NASA's UARS entered the atmosphere in the early hours of Saturday and the North Pacific Ocean
The Upper Atmosphere Research Satellite (UARS, its acronym in English) entered the atmosphere and fell to Earth, NASA confirmed on Saturday. The NASA space agency) has confirmed the information but said it is not possible to specify the time and place of the fall.
According to NASA, the UARS penetrated the terrestrial atmosphere between 0h23 and 2:09 a.m. (GMT) somewhere in the North Pacific Ocean. This does not necessarily mean that all parts of the satellite fell into the water. Calculations by NASA, indicate the remains can spread to a radius of 800 kilometers from the point of impact.
There are reports that parts of the satellite fell into the town of Okotoks, in western Canada, but the information has not been officially confirmed. NASA also said it had no records of casualties or damage caused by the fall of UARS.
According to the U.S. space agency, the odds of the satellite falling on North America were small and there was no precise information on other continents, although the Russian space agency has said on Wednesday (21st) that the debris would fall into the sea near Papua, New Guinea.
The probability of some of the UARS remains striking someone was one in 3200, NASA said. For comparison, it is estimated that the risk of a person living to 80 years to be struck by lightning is 1 in 10,000. The device weighs 5.675 tons and is the size of a bus.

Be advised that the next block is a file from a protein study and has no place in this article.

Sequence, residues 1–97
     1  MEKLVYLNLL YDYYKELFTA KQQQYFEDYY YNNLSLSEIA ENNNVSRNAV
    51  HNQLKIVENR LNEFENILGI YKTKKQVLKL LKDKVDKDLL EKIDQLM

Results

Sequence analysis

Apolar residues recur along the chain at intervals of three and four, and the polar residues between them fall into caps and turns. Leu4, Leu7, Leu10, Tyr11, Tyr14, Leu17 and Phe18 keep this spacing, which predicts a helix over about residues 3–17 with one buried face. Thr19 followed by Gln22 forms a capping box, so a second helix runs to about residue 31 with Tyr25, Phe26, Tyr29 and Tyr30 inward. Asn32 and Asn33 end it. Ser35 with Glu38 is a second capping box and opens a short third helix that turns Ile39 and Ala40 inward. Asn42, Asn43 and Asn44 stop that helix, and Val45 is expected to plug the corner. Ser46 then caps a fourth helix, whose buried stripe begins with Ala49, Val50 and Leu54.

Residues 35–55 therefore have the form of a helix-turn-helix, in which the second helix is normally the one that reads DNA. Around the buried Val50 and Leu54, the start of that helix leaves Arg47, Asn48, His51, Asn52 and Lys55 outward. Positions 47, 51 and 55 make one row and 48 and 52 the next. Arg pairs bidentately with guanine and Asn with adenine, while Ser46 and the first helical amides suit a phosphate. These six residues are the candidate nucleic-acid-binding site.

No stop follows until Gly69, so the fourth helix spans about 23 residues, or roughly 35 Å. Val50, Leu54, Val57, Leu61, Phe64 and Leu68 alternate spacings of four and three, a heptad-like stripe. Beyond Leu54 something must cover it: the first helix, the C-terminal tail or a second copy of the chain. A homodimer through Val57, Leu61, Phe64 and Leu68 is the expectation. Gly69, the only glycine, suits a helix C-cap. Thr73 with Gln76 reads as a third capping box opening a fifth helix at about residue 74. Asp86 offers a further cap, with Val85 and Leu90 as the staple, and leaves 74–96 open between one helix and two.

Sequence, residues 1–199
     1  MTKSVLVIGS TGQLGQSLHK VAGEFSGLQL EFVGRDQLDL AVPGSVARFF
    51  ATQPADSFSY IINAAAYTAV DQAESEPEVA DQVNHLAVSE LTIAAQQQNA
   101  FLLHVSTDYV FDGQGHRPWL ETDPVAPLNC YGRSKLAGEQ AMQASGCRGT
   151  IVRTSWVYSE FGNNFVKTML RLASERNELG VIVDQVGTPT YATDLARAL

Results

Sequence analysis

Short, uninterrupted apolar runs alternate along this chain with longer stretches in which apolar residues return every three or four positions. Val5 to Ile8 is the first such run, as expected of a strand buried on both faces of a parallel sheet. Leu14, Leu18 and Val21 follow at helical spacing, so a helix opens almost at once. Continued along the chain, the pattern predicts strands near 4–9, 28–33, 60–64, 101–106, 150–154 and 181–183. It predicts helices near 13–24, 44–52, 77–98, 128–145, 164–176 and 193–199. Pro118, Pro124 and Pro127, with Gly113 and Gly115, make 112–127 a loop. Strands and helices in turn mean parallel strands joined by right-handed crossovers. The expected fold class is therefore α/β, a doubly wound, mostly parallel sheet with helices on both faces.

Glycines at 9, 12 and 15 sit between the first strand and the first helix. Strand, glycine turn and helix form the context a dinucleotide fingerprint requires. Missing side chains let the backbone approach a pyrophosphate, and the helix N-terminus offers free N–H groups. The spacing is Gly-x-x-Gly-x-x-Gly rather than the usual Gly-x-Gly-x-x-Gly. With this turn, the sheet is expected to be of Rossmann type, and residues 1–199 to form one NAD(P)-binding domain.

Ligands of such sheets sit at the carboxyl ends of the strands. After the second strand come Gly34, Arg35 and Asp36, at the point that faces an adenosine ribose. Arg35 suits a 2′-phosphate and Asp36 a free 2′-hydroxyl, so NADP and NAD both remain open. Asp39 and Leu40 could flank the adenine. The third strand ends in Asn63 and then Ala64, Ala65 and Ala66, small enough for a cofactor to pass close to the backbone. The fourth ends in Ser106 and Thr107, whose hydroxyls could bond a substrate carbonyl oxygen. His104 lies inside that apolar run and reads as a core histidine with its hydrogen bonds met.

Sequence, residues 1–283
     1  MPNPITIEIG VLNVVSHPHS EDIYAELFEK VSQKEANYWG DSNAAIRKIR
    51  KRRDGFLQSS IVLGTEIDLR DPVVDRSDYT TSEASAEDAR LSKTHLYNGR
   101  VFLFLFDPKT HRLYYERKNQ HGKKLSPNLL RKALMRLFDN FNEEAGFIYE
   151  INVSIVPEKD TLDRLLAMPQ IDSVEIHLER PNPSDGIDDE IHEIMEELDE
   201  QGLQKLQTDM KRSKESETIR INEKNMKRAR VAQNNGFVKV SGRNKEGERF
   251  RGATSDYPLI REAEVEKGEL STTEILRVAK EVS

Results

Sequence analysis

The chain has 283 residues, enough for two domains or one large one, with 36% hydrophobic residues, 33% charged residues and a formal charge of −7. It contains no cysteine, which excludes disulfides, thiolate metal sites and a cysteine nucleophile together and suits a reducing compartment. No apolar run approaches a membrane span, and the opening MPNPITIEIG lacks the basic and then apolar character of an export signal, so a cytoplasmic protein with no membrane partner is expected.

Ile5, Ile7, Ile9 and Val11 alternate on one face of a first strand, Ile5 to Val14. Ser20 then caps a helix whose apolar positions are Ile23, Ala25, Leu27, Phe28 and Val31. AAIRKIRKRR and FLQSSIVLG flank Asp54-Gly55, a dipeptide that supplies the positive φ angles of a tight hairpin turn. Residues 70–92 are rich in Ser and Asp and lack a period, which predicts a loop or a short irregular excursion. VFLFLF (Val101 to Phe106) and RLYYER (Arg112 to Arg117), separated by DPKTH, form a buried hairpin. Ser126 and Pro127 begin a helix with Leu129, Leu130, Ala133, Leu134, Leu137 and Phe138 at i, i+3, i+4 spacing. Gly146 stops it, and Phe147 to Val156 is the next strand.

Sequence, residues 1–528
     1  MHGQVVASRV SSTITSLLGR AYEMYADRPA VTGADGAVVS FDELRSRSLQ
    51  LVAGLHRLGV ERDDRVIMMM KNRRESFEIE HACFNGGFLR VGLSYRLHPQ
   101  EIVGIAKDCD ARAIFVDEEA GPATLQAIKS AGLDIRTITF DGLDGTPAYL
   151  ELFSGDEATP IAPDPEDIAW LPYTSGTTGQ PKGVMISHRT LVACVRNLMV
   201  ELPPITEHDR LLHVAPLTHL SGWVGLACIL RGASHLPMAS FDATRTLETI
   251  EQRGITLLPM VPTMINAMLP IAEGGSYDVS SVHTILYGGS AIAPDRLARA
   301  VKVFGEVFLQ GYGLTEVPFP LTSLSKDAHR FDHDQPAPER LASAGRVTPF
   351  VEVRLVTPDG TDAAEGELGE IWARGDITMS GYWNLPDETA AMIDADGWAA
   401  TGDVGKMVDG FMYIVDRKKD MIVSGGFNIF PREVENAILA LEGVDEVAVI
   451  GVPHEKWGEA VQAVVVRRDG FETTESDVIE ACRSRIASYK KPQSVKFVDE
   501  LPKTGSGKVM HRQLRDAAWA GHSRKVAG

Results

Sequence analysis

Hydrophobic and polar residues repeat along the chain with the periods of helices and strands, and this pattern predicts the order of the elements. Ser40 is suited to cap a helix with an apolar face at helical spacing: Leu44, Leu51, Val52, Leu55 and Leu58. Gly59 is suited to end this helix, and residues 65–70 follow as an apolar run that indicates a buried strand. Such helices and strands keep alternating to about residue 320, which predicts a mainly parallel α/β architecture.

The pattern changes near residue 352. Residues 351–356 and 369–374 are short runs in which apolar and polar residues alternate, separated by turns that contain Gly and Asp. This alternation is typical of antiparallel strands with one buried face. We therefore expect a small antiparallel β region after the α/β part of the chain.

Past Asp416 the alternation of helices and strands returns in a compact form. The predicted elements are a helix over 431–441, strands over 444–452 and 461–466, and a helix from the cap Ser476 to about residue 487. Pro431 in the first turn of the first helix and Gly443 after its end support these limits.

The initial forecast was that the satellite would fall in late September or early October, but his fall was anticipated by the strong increase in solar activity last week. But the solar wind slowed in the last hour, which slowed the fall of UARS.
NASA scientists estimated that the satellite would fall apart upon entering the atmosphere and that at least 26 large pieces would survive the high temperatures of reentry and fall on the Earth's surface.
The satellite was flying over much of the planet between 57 degrees north and 57 degrees south of the equator. It was placed in orbit by the space shuttle Discovery in 1991 to study ozone and other chemicals in the Earth's atmosphere. It completed its mission in 2005 and has since been slowly losing altitude, pulled by gravity.
According to Jonathan McDowell, Center for Astrophysics Harvard-Smithsonian, USA, pieces of rockets and satellites fall back to Earth every year, without any damage. He noted that this year alone two great pieces of Russian rockets have fallen on Earth, without major repercussions. The chances of it hitting someone are very small. "I would not worry," he said. There is no record of pieces of space junk hurting people or damaging property.
In 1991, when the UARS was launched, NASA was not concerned with the fate of satellites when they were disabled. Currently, all equipment for space is designed to burn up completely in atmospheric reentry or have enough fuel to be operated safely back to Earth or in outer space. This includes the International Space Station, which must be cleared by 2020.
Even the old Russian Mir station fell safely in the Pacific in 2001. But its predecessor, Salyut 7, fell out of control in 1991. The last satellite return without any kind of maneuver was one of NASA's in 2002.
The most famous case of one falling without control was the experimental station Skylab in 1979, from NASA, which generated thousands of bets on where it would fall, either to fall in the Indian Ocean or in remote parts of Australia.
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